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Covering care costs in retirement

You need to plan how to pay for the possibility of expensive prolonged care in retirement. Insurance can help, Adam Baley says, but it’s not right for everyone.

Joel Dresang: Adam, when you talk with people about retirement planning, you talk about covering the costs of prolonged care. Why is that so important?

Adam Baley: Well, it’s so important because retirees need to understand that long-term care costs in retirement can consume a meaningful amount of their life savings, if not all. So you’ve got to make sure that you have a plan in place and understand how your retirement plan is going to handle those costs.

Joel: Essentially, they can cover those costs through the savings they have, through Medicaid – which is government insurance when you go through your savings – and also, through long-term care insurance. Is that right?

Adam:  Yes. So those are essentially the three options to cover the cost of care. You know, the real purpose of long-term care insurance isn’t to insure against the cost of the medical care. The real purpose is about ensuring your estate and your savings last as long as you do – and that there’s savings left over for your heirs or for your spouse.

And I find that retirees often make the assumption that Medicare is going to cover the cost of long-term care, and that’s simply not true. You’ve got to remember that Medicare’s only going to cover up to the first 100 days of long-term care costs if, and only if, it was preceded by a three-day stint in the hospital.

Joel: What are some of the main points you’d want people to know about long-term care insurance?

Adam:  Well, you’ve got to know what it costs, and you’ve got to know how it’s priced. When it comes to cost of the insurance, we’re talking about the annual premium.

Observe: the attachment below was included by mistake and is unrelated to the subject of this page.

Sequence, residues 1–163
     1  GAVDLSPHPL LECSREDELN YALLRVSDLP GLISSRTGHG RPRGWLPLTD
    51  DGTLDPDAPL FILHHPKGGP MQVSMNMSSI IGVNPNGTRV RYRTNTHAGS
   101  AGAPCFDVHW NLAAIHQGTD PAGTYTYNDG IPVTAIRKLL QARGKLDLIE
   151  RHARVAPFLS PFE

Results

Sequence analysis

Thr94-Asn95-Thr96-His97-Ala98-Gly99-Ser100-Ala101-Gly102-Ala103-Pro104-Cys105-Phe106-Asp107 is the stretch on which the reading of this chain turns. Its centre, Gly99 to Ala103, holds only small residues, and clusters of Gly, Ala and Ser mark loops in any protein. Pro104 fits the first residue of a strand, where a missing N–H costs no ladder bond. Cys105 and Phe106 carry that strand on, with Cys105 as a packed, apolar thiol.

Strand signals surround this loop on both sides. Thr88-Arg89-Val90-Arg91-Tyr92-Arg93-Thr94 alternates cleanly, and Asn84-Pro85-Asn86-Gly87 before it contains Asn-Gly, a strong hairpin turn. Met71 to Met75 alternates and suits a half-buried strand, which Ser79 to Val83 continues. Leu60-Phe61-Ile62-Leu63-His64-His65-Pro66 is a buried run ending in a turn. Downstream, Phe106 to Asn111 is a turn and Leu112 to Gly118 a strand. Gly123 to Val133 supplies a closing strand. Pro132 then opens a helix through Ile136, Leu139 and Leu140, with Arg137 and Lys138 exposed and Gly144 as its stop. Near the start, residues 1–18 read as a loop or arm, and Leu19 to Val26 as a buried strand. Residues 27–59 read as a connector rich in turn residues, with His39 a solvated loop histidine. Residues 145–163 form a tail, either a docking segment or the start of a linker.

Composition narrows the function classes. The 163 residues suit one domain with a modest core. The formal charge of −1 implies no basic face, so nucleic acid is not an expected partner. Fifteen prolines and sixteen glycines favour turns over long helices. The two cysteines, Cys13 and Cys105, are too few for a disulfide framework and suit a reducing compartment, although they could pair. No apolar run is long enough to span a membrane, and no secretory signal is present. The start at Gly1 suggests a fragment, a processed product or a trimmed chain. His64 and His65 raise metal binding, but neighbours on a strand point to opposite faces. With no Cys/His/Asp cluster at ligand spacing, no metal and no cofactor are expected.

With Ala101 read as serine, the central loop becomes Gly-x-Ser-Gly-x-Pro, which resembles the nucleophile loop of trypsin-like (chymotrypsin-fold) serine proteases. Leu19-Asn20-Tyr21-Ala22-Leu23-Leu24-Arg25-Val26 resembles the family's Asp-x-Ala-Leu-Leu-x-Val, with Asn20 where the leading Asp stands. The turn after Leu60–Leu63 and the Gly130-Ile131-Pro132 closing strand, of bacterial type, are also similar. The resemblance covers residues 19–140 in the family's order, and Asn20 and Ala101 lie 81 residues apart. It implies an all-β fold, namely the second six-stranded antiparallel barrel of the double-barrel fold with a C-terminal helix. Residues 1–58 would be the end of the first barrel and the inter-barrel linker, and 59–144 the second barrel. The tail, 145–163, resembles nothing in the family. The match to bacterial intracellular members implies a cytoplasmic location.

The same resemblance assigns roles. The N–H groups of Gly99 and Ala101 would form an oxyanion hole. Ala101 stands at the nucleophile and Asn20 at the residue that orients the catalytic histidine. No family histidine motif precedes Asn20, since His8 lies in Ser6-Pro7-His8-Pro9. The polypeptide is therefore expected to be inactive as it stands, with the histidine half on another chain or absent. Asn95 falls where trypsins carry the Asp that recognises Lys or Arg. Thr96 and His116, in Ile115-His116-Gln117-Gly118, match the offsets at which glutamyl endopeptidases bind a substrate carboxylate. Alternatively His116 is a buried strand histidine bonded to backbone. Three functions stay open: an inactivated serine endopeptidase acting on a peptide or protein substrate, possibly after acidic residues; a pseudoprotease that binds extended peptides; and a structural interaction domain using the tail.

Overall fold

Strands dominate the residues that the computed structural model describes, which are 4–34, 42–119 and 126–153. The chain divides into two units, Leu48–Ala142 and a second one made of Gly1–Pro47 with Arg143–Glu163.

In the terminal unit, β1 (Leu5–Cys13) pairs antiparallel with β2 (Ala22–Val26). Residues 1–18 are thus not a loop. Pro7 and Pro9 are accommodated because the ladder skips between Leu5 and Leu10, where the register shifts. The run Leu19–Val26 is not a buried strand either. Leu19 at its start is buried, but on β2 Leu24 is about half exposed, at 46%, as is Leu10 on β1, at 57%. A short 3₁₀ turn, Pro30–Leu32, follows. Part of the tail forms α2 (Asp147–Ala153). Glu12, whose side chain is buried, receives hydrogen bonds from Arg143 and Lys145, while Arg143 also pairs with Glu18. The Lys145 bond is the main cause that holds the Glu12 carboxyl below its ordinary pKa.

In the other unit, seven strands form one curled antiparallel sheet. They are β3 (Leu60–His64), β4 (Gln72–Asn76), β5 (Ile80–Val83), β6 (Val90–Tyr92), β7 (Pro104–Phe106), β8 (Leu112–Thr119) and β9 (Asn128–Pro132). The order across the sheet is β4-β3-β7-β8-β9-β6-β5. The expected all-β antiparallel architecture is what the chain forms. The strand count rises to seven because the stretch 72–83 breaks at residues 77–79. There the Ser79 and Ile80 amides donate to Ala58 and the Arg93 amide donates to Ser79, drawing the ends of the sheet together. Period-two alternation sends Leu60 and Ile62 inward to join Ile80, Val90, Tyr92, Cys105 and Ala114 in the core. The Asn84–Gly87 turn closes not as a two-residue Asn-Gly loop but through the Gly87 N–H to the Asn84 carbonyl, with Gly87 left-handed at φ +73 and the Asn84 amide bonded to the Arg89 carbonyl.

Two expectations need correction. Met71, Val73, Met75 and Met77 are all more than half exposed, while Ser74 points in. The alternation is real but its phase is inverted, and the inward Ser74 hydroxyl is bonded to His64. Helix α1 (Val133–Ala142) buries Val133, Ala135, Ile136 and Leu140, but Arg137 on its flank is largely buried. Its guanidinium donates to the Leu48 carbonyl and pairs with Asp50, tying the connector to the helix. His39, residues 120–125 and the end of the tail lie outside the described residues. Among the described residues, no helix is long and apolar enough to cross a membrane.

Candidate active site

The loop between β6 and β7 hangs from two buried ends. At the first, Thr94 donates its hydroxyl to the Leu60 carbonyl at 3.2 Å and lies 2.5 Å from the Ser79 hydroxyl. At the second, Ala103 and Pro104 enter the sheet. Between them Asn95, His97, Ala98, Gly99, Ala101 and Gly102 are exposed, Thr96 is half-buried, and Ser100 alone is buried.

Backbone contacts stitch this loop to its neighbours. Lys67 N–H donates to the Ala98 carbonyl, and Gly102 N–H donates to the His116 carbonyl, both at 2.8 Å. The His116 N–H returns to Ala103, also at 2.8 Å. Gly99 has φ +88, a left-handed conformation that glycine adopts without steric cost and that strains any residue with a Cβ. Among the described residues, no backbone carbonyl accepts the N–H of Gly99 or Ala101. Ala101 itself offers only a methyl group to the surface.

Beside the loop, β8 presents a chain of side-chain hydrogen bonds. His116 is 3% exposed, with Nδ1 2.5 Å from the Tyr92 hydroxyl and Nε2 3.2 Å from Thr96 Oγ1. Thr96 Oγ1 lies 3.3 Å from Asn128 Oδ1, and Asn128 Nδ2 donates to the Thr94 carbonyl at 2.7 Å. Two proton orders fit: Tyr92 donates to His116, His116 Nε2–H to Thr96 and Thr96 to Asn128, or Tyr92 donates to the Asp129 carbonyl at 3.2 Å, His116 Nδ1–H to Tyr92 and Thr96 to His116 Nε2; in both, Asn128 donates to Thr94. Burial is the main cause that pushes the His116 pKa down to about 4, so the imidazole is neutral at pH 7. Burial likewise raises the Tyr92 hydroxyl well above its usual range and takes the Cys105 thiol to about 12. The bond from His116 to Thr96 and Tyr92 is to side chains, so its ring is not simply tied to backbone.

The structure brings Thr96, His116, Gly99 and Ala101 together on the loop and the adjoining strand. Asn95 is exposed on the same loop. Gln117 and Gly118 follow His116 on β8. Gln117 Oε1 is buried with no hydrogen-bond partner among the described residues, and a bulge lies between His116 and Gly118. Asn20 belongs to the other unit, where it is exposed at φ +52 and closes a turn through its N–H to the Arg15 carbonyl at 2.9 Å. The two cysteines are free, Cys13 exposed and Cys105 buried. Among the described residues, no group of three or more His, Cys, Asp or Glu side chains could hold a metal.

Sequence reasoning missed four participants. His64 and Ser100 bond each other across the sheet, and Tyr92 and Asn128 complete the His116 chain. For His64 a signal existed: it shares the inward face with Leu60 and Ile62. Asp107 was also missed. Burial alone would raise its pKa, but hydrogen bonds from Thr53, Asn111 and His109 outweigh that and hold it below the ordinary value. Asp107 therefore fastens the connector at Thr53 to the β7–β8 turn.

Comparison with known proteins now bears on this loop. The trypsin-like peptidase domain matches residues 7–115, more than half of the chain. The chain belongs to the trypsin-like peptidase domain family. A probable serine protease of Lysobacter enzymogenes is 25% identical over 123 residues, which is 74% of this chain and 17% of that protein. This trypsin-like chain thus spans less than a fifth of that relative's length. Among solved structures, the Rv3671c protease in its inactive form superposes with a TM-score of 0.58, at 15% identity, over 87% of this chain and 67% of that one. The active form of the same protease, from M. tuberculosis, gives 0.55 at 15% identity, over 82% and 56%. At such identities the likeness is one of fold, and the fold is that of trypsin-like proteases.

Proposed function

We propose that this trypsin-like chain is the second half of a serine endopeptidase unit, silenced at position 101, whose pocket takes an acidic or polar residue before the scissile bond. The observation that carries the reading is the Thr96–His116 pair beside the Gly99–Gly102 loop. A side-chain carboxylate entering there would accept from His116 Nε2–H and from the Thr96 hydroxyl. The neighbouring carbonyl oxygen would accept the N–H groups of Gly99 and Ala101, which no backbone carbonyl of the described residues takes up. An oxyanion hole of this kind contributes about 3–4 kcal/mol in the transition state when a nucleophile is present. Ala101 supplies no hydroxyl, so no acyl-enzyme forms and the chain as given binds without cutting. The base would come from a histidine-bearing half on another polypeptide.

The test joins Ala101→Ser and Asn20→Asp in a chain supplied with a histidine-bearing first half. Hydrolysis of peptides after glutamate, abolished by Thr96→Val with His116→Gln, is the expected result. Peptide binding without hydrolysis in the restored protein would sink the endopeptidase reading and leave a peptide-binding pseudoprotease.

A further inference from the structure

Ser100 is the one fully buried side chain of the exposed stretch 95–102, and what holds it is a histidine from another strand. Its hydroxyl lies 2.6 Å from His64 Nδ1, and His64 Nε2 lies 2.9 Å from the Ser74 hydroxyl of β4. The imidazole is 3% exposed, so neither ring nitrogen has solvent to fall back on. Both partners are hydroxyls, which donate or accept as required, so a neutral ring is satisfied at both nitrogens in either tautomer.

And there are a few key components that go into calculating that. And it really comes down to your age, your health, your gender and how much benefits you want to receive.

The older you are when you apply for a policy, the more expensive it can be. Obviously, health can impact what it costs for the insurance. And then again, gender. Statistically, women live longer than men, and they receive more benefits. Therefore, policies for women tend to be a little bit more expensive.

Joel: What sort of considerations should you make in determining how much coverage to get?

Adam: Well, you’ve got to pull together all your financial resources. Look at your assets. Look at your pension income, if you have a pension. Look at Social Security. And total up how much those assets can produce, and then only seek coverage over and above what your resources are unable to produce.

Joel: So, private long-term care insurance isn’t for everyone, but is there a rule-of-thumb to help guide people to figure out when they should consider insurance?

Adam: There’s no one-size-fits-all solution, but it can make sense for a lot of people. And there is a rule of thumb. It really depends on assets.

If your family has assets anywhere between, say, $500,000 and $5 million, chances are, the insurance could be a good fit for you, and you ought to consider it as part of your retirement plan.

For families with assets in excess of $5 million, again the insurance might be a poor fit because when you pull together all of your resources, chances are, you can self-pay without having to worry about drawing down principal.

For families with assets underneath $500,000, insurance might not be a good fit because there isn’t enough in the way of assets to insure. Candidly, premiums could be expensive relative to your budget.

Joel: And your premiums aren’t guaranteed, right?

Adam:  No insurance company out there is going to guarantee you that premiums are going to stay the same. And anybody who is considering a policy or even has a policy ought to be planning ahead that their premium could go up at some point in their life.

Joel:  So, there’s a lot going on here, and it gets down to individual circumstances. We have some links to further resources in the article that you wrote on, but the main point is that people should be planning for covering those costs for prolonged care in retirement.

Adam: It is important to plan, and this is most certainly true for individuals as well as for spouses and couples.

You know, husbands and wives, you’ve got to talk about this. And make sure that no matter what your plan is, that your plan doesn’t leave vulnerable your spouse, and that you’re considering the possibility that one of you, if not both of you, might need prolonged care in retirement. You’ve got to have a plan. That’s the key.

Adam Baley is a registered representative and investment advisor at Landaas & Company.

Joel Dresang is vice president- communications at Landaas & Company.

Money Talk Video by Peter May

(initially posted July 29, 2015)

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